Anatomy of the Knee
The bones of the knee, the femur and the tibia, meet to form a hinge joint.
The joint is protected in front by the patella (kneecap). The knee joint is cushioned by articular cartilage that covers the ends of the tibia and femur, as well as the underside of the patella. The lateral meniscus and medial meniscus are pads of cartilage that further cushion the joint, acting as shock absorbers between the bones.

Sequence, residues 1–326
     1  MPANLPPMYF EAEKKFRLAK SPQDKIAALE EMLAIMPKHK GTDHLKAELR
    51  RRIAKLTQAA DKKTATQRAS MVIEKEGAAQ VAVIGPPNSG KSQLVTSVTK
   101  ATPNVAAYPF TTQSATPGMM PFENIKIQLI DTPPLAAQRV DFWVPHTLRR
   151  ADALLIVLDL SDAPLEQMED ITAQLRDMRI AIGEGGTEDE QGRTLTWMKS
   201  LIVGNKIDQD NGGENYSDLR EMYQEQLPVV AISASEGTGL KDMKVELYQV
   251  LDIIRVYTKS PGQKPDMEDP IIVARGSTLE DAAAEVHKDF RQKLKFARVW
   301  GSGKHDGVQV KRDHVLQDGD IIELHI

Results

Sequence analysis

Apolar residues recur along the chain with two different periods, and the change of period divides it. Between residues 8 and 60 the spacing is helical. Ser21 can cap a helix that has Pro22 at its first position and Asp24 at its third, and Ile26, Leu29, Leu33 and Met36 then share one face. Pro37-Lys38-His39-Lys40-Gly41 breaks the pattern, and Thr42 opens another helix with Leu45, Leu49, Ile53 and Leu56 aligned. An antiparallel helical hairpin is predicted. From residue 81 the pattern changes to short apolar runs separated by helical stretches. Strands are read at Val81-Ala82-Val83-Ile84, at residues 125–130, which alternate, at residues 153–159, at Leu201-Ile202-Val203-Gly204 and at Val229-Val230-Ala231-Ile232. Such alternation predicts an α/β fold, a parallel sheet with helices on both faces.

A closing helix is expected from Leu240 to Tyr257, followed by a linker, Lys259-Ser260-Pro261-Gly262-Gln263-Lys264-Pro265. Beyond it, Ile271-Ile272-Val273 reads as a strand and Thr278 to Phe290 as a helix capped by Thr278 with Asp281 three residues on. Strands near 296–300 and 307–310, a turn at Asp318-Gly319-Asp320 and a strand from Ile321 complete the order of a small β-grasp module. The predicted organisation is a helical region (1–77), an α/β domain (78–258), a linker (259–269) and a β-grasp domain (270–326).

Ligaments help to stabilize the knee. The collateral ligaments run along the sides of the knee and limit sideways motion. The anterior cruciate ligament, or ACL, connects the tibia to the femur at the center of the knee. Its function is to limit rotation and forward motion of the tibia. (A damaged ACL is replaced in a procedure known as an ACL Reconstruction.) The posterior cruciate ligament, or PCL (located just behind the ACL) limits backward motion of the tibia.
These components of your knee, along with the muscles of your leg, work together to manage the stress your knee receives as you walk, run and jump.